TOKYO —Experts on a special government panel have approved a plan to remove a coronavirus state of emergency from Tokyo and four other remaining prefectures, paving the way for Prime Minister Shinzo Abe to declare entirely ending the measure to allow businesses to gradually resume.

Economy Minister Yasutoshi Nishimura told reporters that experts on a government-commissioned panel approved the plan to end the state of emergency that has lasted for more than a month and a half.

Abe is to officially declare the end of the state of emergency later Monday after endorsement from parliamentary committees.

Nishimura said lifting of the emergency does not mean the end of the pandemic. He said the goal is to minimize next possible recurrences of infections while balancing preventive measures and the economy.

Abe declared the state of emergency on April 7, first in parts of Japan including Tokyo, expanded it to the entire nation later in the month and extended it until the end of May. Unlike a European-style hard lockdown, Japan’s state of emergency is soft and largely a request for people to stay at home and for non-essential businesses to close or operate shorter hours, a strategy aiming at minimizing the economic damage.

Tokyo and its three neighboring prefectures are to reopen schools, public facilities and businesses in phases in coming weeks while watching any signs of a resurgence of infections.

Nishimura said recent data suggest that the infections have slowed enough and the medical systems are under less pressure and that it’s time to gradually resume social and economic activity. Tokyo and Hokkaido, where more than a dozen new cases have been reported Sunday, still need to remain extra-cautious, he said.

(asterisk)We cannot completely eliminate the coronavirus to zero,” Nishimura said. “Even after the state of emergency is lifted, we must firmly take preventive measures based on our new lifestyles.”

Japan has 16,580 confirmed cases and 830 deaths, according to the health ministry.

Millions of children in Australia return to schools

CANBERRA, Australia — Millions of children in Australia have returned to schools in the states of New South Wales and Queensland as numbers of COVID-19 patients in hospitals across the country fall.

The two states on Monday joined the less populous Western Australia and South Australia states and the Northern Territory in resuming face-to-face learning, instead of studying from home online.

Queensland Premier Annastacia Palaszczuk said on Monday students and teachers had to observe one key message: Stay home if sick.

“We’re not out of the woods yet. We have to take each day as it comes, each week as it comes and we keep our fingers crossed that Queenslanders will continue to flatten that curve,” Palaszczuk said.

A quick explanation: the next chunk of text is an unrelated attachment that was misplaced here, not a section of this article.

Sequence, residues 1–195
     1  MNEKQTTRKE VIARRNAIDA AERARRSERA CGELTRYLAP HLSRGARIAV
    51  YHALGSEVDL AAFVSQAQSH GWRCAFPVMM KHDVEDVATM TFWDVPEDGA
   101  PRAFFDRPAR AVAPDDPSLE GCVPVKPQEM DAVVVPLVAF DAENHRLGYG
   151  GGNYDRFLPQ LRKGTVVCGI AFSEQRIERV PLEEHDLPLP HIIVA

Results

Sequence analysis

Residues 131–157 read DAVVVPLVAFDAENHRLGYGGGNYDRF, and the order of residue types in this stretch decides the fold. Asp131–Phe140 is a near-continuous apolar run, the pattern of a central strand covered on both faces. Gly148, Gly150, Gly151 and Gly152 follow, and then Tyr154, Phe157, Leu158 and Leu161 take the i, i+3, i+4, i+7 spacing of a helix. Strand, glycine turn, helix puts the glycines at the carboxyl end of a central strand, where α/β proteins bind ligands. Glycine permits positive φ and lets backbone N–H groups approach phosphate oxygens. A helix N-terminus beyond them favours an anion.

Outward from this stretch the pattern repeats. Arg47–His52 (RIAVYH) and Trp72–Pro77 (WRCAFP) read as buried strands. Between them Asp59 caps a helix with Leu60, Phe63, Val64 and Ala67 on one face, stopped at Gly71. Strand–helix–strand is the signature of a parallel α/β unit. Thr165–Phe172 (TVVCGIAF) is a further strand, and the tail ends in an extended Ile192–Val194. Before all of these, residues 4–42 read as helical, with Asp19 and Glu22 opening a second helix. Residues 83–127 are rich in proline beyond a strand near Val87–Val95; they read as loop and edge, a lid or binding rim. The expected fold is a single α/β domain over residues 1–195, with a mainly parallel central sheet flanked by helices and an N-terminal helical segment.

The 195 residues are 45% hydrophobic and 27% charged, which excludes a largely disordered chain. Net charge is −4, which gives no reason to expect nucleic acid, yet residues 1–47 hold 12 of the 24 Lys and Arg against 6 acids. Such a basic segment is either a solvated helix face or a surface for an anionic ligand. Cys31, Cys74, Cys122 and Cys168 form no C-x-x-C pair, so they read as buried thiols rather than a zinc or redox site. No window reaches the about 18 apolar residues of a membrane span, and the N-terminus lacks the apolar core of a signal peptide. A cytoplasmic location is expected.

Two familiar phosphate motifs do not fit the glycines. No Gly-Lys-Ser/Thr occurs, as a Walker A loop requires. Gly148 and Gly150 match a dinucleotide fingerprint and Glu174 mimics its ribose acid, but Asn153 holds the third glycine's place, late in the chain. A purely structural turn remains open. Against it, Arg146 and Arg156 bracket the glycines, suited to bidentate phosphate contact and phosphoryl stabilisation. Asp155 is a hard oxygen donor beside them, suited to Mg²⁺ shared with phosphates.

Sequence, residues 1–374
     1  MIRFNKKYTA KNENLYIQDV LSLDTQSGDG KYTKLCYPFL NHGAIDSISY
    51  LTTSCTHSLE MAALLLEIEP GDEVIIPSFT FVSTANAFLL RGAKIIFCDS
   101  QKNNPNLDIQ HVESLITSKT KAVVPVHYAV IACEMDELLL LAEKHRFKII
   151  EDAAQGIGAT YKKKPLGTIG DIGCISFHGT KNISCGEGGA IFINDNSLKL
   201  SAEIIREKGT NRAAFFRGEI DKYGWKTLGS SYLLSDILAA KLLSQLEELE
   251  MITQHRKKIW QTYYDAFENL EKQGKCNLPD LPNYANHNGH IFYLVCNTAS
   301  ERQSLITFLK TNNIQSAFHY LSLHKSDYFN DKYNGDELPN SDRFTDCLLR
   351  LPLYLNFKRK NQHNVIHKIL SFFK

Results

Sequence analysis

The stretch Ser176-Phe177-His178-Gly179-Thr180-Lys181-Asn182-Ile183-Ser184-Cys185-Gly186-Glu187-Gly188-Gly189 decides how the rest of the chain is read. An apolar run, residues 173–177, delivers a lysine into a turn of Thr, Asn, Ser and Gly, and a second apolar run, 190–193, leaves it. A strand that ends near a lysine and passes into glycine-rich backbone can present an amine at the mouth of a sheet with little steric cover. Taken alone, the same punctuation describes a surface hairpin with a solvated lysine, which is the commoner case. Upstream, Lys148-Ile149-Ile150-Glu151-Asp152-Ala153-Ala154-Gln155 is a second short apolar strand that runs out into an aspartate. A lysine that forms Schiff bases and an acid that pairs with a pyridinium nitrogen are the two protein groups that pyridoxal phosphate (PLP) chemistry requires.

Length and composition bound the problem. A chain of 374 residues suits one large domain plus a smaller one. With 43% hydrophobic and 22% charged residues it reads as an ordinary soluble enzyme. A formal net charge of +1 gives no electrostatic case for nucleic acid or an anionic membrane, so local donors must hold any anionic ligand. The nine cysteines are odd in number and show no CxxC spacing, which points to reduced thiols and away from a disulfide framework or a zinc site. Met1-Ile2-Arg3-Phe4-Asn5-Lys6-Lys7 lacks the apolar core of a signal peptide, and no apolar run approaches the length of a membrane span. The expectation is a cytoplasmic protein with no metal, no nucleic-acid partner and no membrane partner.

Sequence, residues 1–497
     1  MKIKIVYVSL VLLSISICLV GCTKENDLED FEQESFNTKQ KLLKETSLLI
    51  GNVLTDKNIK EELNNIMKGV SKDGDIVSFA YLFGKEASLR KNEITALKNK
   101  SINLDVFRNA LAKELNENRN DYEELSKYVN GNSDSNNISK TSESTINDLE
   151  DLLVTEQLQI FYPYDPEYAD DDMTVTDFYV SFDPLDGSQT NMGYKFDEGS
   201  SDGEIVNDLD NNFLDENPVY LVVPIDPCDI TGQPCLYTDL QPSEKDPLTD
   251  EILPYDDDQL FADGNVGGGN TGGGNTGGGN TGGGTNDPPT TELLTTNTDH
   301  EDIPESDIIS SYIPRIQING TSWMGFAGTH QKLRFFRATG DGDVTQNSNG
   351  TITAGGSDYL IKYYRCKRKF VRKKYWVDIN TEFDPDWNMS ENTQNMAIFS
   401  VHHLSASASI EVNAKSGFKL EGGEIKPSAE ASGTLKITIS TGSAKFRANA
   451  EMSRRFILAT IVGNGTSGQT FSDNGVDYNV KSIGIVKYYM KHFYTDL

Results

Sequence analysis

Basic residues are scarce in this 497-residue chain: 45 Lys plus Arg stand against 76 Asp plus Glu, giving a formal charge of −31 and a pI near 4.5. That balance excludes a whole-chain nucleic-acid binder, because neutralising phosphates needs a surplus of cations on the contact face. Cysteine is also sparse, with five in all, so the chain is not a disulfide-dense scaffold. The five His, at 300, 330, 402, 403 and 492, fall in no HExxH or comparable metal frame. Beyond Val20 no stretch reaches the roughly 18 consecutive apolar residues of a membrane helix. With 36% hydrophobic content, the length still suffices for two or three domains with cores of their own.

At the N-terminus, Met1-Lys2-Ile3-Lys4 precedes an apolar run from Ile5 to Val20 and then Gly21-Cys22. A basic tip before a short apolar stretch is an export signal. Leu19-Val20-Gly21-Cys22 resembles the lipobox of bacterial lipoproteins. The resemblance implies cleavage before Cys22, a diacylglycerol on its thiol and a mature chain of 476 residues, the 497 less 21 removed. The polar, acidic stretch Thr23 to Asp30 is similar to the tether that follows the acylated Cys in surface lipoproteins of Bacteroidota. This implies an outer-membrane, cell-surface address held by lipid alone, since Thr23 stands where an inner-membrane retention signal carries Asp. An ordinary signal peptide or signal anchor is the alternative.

The remaining jurisdictions — Victoria and Tasmania states and the Australian Capital Territory — plan to send students back to school in stages through early June.

While New South Wales, Australia’s most populous state, and Queensland, the third-most populous state, agree on reopening schools, they differ on reopening their common border.

New South Wales has recorded 50 of Australia’s 102 COVID-19 deaths and wants all state borders reopened. Queensland has recorded only six deaths and has no plans to open its borders.

South Australia and the Northern Territory also have no active cases and have closed borders. The Australian Capital Territory has not had a case in three weeks and has left its borders open like the worst-effected states, New South Wales and Victoria.

White House bans travel to the U.S. from Brazil

WASHINGTON — The White House has announced a ban on travel to the U.S. from Brazil due to the spread of coronavirus in Latin America’s hardest-hit country.

Press secretary Kayleigh McEnany says in a statement Sunday evening that the ban applies to foreign nationals who have been in Brazil in the 14 days before they sought to travel to the United States.

McEnany cast it as a move by President Donald Trump “to protect our country.”

Trump has already banned travel from the United Kingdom, Europe and China, all of which have been hit hard by the virus. Trump had said last week that he was considering imposing similar restrictions on Brazil.

Brazil had reported more than 347,000 COVID-19 cases, second behind the U.S. in the number of infections, according to a Johns Hopkins University count.